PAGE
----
Interestingly, DCA beneficial effects on survival and motor performance were more pronounced in males than in females. Similar results have been described in previous studies where different approaches resulted in beneficial effects only in males [28]. Men have higher risk of suffering ALS than women [29], and sex differences have also been reported in SOD1G93A mutant rats [30] and mice [31][34] particularly when large numbers of animals are compared [35]. These observations suggest that gender differences may be partially a result of sex hormone action and in fact estrogen modulates disease progression in SOD1G93A mice [36], [37]. Among the various neuroprotective mechanisms proposed for estrogen actions, the ability to modulate mitochondrial function [38] and oxidative stress is particularly interesting in this context. Furthermore, the fact that increased ROS levels were observed in SOD1G93A males but not in females [28] suggests that in the latter the redox balance between pro- and anti-oxidant mechanisms is already shifted toward neuroprotection, masking DCA beneficial effects.

Previous works have suggested an alteration of mitochondrial redox metabolism in ALS. Indeed, recent metabolomic analysis of cerebrospinal fluid [39] or serum [40] by (1)H NMR spectroscopy in ALS patients, revealed abnormal metabolite patterns that may indicate perturbation of glucose metabolism. Among the approaches that aim to restore mitochondrial function and energy production, pyruvate administration to ALS mice has been assessed [41], [42]. However, results were contradictory probably due to differences in doses and animal strains. Nonetheless, pharmacological administration of DCA did improve mitochondrial function underscoring the potential of metabolic modulation to neutralize the progression of the disease.

In addition to mitochondrial dysfunction, SOD1G93A astrocytes also exhibited an increased proliferation rate. Although these two events might seem unconnected, evidence obtained in cancer cells indicates that in fact they are mutually related. Otto Warburg in the 1920s described that increased proliferation rate in cancer cells is associated to glycolytic metabolism rather than to mitochondrial oxidation of pyruvate [43]. In accordance, DCA reverses the glycolytic metabolism in several cancer cell lines along with reduced proliferation [44]. Our data showing that DCA treatment of SOD1G93A astrocytes improved mitochondrial function and also decreased their proliferation rate suggest common activation of transduction pathways between cancer cells and SOD1G93A astrocytes. Moreover, we have found evidence of unregulated proliferation and lack of replicative senescence in a population of phenotypically aberrant astrocytes isolated from SOD1G93A rats [12]. Thus, the possibility exists that chronic mitochondrial dysfunction in neonatal astrocytes promotes long term changes in astrocyte phenotype and their neurotoxic potential. Although not analyzed in our study, several cellular pathways might mediate the increased proliferation rate of SOD1G93A astrocytes. Among them we can include up-regulation of the isoform A of the lactate dehydrogenase (LDH-A) [45], activation of E3 ubiquitin ligase APC/C-Cdh1 [46], or modulation of transduction pathways by depolarized mitochondria [47].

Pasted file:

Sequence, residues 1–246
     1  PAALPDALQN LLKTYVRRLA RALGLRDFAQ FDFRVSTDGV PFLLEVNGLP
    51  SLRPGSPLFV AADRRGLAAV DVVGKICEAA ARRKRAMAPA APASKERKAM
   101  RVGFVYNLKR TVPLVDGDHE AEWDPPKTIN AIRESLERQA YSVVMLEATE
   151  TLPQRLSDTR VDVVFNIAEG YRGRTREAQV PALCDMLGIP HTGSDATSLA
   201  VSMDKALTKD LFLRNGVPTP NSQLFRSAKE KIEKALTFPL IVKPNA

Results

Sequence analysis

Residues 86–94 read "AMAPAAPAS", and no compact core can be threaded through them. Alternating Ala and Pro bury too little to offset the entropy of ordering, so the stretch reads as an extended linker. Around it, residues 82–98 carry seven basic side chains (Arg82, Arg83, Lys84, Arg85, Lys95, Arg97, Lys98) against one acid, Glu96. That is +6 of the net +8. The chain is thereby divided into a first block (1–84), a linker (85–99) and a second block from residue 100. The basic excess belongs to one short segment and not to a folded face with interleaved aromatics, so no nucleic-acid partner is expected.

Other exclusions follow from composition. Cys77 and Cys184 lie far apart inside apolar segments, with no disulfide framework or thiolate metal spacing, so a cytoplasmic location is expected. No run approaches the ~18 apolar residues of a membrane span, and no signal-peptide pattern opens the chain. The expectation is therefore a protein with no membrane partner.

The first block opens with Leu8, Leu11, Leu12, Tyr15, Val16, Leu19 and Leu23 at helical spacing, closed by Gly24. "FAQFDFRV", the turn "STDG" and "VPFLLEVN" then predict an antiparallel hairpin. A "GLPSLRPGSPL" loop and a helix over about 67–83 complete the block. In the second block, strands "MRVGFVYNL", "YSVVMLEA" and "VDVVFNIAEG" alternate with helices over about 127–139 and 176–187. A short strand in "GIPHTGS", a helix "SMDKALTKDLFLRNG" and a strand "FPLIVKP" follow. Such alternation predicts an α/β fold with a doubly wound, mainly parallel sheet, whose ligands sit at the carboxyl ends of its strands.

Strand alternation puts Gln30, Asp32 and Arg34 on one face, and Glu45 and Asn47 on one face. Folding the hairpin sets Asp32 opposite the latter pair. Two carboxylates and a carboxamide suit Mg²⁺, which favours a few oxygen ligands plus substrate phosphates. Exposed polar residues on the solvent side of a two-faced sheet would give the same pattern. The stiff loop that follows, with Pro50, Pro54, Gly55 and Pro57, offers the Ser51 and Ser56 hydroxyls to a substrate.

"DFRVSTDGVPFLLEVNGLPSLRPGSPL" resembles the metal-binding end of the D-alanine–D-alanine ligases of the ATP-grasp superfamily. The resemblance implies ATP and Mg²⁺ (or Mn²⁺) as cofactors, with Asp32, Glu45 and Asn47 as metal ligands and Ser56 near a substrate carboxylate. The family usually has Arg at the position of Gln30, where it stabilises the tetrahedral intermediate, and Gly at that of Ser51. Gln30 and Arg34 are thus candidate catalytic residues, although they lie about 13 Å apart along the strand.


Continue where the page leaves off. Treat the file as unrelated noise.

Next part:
Systemic DCA likely improves mitochondrial status in several other cell types relevant to ALS, including neurons and skeletal muscle. In the central nervous system, astrocytes seem to preferentially respond to DCA due to having a greater fraction of total PDH in the inactive phosphorylated form than neurons [15]. DCA might also exert a direct effect on skeletal muscle. It is interesting to note that DCA-treated animals remained with increased grip strength until death compared to untreated animals. Noticeably, the EDL muscle fibers of DCA-treated mice displayed neuromuscular junctions with normal size and shape, suggesting DCA could delay the progressive neuromuscular junction destruction characteristic of animals with ALS [48]. Furthermore, DCA has been effective in recovering the function of ischemic muscle [49], suggesting an effect stimulating muscle trophism or decreasing deleterious inflammation.

The present study supports the potential use of DCA in multi-drug approaches to treat ALS. DCA has been also shown to be protective in models of Huntington's disease, which also involves non-cell-autonomous mechanisms [19], suggesting a more general effect in neurodegenerative diseases. Taken together these data raise the possibility that DCA might have therapeutic benefits in ALS patients.

Materials and Methods

Materials

Culture media and serum were obtained from Invitrogen (Carlsbad, CA). All other reagents were from Sigma Chemical Co (Saint Louis, MO) unless otherwise specified.

Ethics Statement

Procedures using laboratory animals were in accordance with international guidelines and were approved by the Institutional Animal Committee (Comisión honoraria de experimentación animal de la Universidad de la República http://www.chea.csic.edu.uy; CHEA).

Animals

Transgenic ALS mice carrying the G93A mutation for human SOD1, strain B6SJL-TgN(SOD1-G93A)1Gur [50], were obtained from Jackson Laboratories (Bar Harbor, ME, USA) and genotyped as previously described [51]. Mice were housed under controlled conditions with free access to food and water. Sprague-Dawley NTac:SD-TgN(SOD1G93A)L26H rats were obtained from Taconic (Hudson, NY; [52]) and were bred locally by crossing with wild-type Sprague-Dawley female rats.